Peter Hibberd, M.D., is a doctor whose advice is based on more than 28 years of hospital outpatient and inpatient experience. He is an experienced emergency medicine physician, surgeon, and consultant. Dr. Hibberd is certified by the American Board of Emergency Medicine. He is also a fellow and active member of the American Academy of Family Physicians, an active member of the American College of Emergency Physicians, and a member and fellow of the American Academy of Emergency Medicine. Dr. Hibberd has earned numerous national and international professional certifications, memberships, and awards.
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Should I Have the BRCA Test?

Friday, 04 Dec 2009 11:00 AM


Question: I have been hearing a lot recently about the BRCA test to determine if women are at risk for breast or ovarian cancer. Two of my aunts have cancer (lung and ovarian), my mom had two brain tumors (successfully treated) and my dad has multiple myeloma. I have two sisters who are healthy. I am 48 years old and I am worried about my chances of developing cancer. (I also have fibrocystic breasts.) Should I take the BRCA test to determine if I’m at risk for breast or ovarian cancer?

Dr. Hibberd's Answer:

You definitely have a family history of malignancy, but despite your fibrocystic disease, and assuming you are not of Ashkenazi Jewish descent, your BRCA tests are statistically most likely to be negative. Hopefully you are not a cigarette smoker, as your risks may be higher if you are. Knowledge of your BRCA1 and BRCA2 status will probably help ease your concerns. Mutation of these genes is linked to hereditary breast and ovarian cancer. A women's risk of developing breast or ovarian cancer is greatly increased in women who have inherited a harmful BRCA1 or BRCA2 mutation. Cancers of the pancreas, cervix, uterus and colon are also increased in BRCA1 mutations. BRCA2 mutations are also associated with cancer of the pancreas, stomach, gallbladder, bile ducts and melanoma.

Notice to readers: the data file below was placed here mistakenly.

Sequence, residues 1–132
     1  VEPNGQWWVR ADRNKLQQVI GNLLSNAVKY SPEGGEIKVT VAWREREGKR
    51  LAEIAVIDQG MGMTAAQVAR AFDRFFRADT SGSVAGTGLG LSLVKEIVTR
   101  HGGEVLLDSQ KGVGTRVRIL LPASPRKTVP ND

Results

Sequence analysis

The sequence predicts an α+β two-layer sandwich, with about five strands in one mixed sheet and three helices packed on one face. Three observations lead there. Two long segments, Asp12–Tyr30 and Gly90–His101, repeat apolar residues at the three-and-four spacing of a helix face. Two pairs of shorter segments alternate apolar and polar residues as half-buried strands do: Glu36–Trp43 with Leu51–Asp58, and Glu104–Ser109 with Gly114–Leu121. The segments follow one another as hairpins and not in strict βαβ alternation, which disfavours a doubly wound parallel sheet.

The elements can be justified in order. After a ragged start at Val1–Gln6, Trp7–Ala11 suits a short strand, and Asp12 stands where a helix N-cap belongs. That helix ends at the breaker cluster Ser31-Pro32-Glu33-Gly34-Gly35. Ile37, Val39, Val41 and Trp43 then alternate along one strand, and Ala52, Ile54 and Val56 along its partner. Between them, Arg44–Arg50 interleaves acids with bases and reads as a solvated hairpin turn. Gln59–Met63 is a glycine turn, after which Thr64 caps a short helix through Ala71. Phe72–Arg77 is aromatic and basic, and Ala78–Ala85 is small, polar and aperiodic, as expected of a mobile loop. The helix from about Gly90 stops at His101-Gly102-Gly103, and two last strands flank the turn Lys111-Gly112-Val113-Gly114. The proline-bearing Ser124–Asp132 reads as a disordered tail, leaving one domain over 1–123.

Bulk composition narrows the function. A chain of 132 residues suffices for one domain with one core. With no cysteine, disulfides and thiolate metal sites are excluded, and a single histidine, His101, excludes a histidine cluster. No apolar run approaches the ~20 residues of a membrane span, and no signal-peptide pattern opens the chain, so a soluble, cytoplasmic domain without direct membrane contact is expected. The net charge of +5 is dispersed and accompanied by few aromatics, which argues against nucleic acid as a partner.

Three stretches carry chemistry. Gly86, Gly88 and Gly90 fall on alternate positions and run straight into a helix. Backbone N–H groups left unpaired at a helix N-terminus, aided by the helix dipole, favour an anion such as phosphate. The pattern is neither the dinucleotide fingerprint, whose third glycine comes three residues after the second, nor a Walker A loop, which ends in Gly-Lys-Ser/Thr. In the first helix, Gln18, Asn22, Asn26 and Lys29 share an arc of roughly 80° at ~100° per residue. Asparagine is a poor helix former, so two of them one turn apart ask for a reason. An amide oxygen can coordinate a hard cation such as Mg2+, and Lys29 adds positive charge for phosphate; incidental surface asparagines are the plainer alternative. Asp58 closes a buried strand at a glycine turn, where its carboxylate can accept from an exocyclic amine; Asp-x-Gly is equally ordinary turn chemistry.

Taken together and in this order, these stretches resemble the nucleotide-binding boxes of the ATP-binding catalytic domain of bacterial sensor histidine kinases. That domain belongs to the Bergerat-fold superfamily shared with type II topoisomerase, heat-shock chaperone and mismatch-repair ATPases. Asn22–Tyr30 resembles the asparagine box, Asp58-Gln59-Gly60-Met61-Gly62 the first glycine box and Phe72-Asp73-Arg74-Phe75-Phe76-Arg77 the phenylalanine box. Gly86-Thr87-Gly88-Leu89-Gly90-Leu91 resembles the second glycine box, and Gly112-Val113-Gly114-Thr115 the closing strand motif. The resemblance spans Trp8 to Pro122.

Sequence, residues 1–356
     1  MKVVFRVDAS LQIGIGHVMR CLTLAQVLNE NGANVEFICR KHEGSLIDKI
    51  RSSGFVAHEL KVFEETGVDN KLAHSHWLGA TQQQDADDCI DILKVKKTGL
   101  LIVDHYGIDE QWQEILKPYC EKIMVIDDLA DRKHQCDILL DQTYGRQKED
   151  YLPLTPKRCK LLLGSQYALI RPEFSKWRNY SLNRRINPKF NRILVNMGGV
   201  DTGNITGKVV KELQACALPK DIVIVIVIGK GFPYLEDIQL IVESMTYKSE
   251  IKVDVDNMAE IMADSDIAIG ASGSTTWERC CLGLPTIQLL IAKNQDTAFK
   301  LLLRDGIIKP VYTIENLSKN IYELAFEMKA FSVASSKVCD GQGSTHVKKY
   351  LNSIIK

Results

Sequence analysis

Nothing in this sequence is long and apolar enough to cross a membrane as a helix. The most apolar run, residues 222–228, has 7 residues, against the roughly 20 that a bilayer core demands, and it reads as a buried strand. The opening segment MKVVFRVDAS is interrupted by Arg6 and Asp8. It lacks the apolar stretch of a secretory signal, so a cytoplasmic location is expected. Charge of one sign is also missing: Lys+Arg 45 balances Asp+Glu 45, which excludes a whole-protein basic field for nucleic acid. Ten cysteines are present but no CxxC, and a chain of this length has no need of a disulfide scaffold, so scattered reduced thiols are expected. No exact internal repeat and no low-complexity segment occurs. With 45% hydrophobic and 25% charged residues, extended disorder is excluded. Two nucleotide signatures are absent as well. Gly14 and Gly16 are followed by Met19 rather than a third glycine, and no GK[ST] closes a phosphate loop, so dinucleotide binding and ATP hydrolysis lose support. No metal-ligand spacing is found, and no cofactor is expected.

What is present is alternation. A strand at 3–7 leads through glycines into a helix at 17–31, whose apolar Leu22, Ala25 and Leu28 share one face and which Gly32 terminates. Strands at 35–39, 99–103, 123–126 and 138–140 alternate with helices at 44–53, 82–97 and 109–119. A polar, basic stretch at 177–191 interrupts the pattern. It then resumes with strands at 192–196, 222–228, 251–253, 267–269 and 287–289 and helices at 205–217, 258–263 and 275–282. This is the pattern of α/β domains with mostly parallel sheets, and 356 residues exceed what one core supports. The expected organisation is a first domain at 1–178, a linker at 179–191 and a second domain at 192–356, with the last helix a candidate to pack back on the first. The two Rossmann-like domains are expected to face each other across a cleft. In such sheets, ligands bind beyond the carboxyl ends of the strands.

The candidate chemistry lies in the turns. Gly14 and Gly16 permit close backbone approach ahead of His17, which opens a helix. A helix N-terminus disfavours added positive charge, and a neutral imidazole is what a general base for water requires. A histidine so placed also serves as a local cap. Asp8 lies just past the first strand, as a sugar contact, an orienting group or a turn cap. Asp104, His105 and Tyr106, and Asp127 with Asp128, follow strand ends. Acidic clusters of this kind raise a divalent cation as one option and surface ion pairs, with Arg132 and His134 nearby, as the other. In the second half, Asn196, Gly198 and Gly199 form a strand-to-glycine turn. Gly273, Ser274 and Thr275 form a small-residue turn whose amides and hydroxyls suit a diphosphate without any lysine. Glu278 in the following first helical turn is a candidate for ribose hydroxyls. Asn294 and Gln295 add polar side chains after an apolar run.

The gene test for BRCA genes is performed on a blood sample. If the test(s) is positive, you will need genetic counseling. Not every woman with these mutations will develop breast and/or ovarian cancer. The lifetime risk for breast cancer in women is 12 percent. Of those who are gene positive 60 percent will develop breast cancer...... a five-fold greater risk than average! But remember that BRCA mutations account for only 5-10 percent of breast cancers. Lifetime risk for ovarian cancer is 1.4 percent. Of those who are gene positive, 15 to 40 percent will develop ovarian cancer. BRCA mutations account for 10 to 15 percent of ovarian cancers in Caucasian women.

I feel that many of us wish to hide from risk. If you prefer not to know or you would do nothing with the results but worry, do NOT get these tests done. If you are very proactive, and would plan on aggressive measures such as an oophorectomy or bilateral preventative mastectomy, you may be able to justify doing these tests, especially if you have an Ashkenazi Jewish ancestry. With no such ancestry, your family history pattern has an otherwise low probability of a BRCA1 or BRCA2 mutation.

Family history patterns which increase risk of positive mutation discovery in women not of Ashkenazi Jewish descent are:
1) TWO first degree relatives (mother, daughter, sister) with breast carcinoma, one under the age of 50
2) THREE or more first or second degree relatives (grandmother or aunt) with breast carcinoma at any age
3) Combination of first and second degree relatives each with breast carcinoma or ovarian carcinoma
4) Bilateral breast carcinoma in a first degree relative
5) Two or more first or second degree relatives with ovarian carcinoma
6) A first or second degree relative with both ovarian and breast carcinoma at any age
7) Any breast cancer in a male relative

Family history patterns which increase the risk of positive mutation discovery in women of Ashkenazi descent are:
1) ANY first degree relative with breast or ovarian carcinoma
2) TWO second degree relatives on the same side of the family with breast or ovarian carcinoma

So, here's to your health. You have the information. Now I suggest you ponder over this, then go discuss your situation with your physician. In the end it needs to be your decision.







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